There it sat in the adobe clay, like a shiny white egg. What the...? What was a golf ball doing out on this dry sage hillside?
I could understand it if we lived in a subdivision that backed up to BLM land, say, where one of the neighbors could get excited about his new Big Bertha and spank a few practice balls out of the back yard. But we don’t live in a subdivision; the nearest neighbor is more than a quarter mile away; and the hillside in back is not BLM, it’s a private 400 acres owned by people we know, people who do not golf.
When we bought our parcel from them a dozen years ago, they encouraged us to walk on the hill. The landscape looks parched, but it is actually richly diverse, full of wildflowers that come in waves through the spring, moss gardens in the shade of the juniper trees, lichen-covered rocks at every turn. That was one of the selling points. We were welcome to walk anywhere on the hill, which is what I was doing when I practically stepped on the golf ball.
My first thought was that a crow or a raven had dropped it. But crows are smart; no crow would mistake a golf ball for an egg. And besides, we were a good nine miles from the nearest golf course at Cobble Creek. On the other hand, crows are famously fond of bright shiny things.
Then I thought of the neighbors to the west. No golfer alive, not Tiger Woods, not anybody, could drive a golf ball from their place this far up the hill. Then again, they were bird shooters. They love nothing more of a summer evening than setting up their portable trap thrower and blasting clay pigeons for a few hours. Maybe the trap machine could sling a golf ball this far? Nah. Maybe they had some kind of blunderbuss that once fired iron balls, and they were now launching golf balls into space, like kids with a potato cannon?
I put the ball in my pocket and stuck it in a drawer at home.
The next golf ball was neon yellow, and it was way out on the hill, way too far for an accidental duck hook. This was earlier this summer, when the cows had been off the property for a few weeks. The owners lease their 400 acres to a nearby rancher for grazing in May. The rancher gets some cheap grass for his five dozen cows and calves, and our friends get to keep their ag tax status.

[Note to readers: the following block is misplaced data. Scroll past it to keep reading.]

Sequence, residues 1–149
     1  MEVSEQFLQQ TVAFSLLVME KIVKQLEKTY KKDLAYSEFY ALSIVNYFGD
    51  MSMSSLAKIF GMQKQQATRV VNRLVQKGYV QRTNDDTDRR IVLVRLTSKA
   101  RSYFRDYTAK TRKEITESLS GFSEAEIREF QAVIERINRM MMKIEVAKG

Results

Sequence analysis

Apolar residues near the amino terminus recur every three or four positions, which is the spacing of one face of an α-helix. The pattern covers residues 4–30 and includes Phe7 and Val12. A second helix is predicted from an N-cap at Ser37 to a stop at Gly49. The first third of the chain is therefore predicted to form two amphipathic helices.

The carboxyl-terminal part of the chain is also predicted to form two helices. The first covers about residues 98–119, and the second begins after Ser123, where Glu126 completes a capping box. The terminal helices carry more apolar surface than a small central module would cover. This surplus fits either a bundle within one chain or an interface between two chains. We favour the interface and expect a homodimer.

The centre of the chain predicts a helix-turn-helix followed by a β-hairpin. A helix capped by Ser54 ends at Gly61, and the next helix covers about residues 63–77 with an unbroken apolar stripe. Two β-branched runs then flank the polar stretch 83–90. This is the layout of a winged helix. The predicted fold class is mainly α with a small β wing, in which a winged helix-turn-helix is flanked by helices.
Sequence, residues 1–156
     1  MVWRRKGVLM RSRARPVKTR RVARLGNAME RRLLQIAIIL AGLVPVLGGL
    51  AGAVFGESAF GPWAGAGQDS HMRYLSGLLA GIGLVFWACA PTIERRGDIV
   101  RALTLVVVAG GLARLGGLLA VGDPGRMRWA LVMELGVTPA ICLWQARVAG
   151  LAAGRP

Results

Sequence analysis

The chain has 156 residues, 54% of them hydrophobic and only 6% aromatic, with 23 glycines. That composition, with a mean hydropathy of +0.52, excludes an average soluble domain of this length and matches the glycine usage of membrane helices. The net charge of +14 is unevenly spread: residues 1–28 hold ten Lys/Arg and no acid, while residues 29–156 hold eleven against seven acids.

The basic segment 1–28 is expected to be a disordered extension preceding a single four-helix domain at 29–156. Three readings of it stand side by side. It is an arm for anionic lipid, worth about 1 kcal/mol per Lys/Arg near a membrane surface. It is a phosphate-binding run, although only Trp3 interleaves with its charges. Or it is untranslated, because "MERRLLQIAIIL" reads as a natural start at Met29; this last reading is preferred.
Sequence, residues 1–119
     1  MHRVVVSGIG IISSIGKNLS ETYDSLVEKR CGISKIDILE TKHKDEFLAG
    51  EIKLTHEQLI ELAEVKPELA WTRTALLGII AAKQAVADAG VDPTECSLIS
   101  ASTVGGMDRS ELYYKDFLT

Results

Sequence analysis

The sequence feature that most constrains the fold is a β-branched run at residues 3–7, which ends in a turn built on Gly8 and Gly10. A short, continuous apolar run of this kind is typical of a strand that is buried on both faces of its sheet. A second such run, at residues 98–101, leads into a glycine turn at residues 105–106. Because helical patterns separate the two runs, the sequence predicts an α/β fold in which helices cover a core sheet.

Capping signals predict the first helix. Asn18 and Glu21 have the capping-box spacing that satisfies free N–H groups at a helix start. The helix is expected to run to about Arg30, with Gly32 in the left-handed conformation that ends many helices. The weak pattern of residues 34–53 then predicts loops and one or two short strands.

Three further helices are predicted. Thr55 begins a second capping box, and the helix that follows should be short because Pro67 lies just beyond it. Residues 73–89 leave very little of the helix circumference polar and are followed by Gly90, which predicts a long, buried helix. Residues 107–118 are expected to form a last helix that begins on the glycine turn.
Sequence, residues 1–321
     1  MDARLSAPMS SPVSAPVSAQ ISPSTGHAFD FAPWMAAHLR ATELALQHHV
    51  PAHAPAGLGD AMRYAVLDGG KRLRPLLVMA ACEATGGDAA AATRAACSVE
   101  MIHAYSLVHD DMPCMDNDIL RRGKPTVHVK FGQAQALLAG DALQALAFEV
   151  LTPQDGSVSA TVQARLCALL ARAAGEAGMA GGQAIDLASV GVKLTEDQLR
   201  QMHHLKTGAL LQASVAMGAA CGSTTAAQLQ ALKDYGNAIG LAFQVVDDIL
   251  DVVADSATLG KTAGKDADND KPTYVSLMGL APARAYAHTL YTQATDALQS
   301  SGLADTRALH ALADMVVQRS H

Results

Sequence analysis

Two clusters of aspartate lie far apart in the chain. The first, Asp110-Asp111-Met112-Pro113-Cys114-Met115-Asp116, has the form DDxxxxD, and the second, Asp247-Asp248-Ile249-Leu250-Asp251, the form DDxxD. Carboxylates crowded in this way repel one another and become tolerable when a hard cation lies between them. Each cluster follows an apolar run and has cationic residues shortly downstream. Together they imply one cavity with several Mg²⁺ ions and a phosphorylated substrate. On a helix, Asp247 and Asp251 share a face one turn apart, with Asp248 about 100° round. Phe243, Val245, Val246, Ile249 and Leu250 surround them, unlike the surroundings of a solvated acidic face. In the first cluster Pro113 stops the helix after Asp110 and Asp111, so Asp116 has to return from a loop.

Anyway, the cows were gone, and the first thing that crossed my mind was that one of the stupid bovines had eaten a golf ball somewhere and shat it out here on the hill. But there was no cow plop anywhere near. And besides, it was a ridiculous idea. How would a golf ball get onto the cow’s home pasture, or into a bale of winter hay, let alone through the four chambers of the beast’s stomach?
I began to think that some human trickster was involved. Other people walk the hill, though not often. I see tracks but rarely. (There is lots of evidence of historic use: rusted tin cans, bits of leather strapping, deeply weathered juniper trunks sawed off for firewood.) Was someone peppering the landscape with golf balls in a sort of “Kilroy Was Here” joke?
Then, a couple of days ago, I was out for a hike and stopped to take a drink from my CamelBak. And there, coming right at me, flying a straight line upriver from Cobble Creek, was a crow with a golf ball in its beak. It flapped overhead just a few feet above the piñons and disappeared.
So there it was – proof, without any hint as to why. Yet another mysterious behavior on the part of these frighteningly intelligent birds.
A half hour later, I was focused on the last steep scramble to the hilltop. I was breathing hard, head down, picking careful footfalls in the loose rock. When, there, right where I was about to place my right shoe, was another golf ball. It looked as if it had been wedged in place by the last monsoon rain. So it couldn’t have been dropped just now by the crow I had caught in the act. It was, however, a Top-Flite.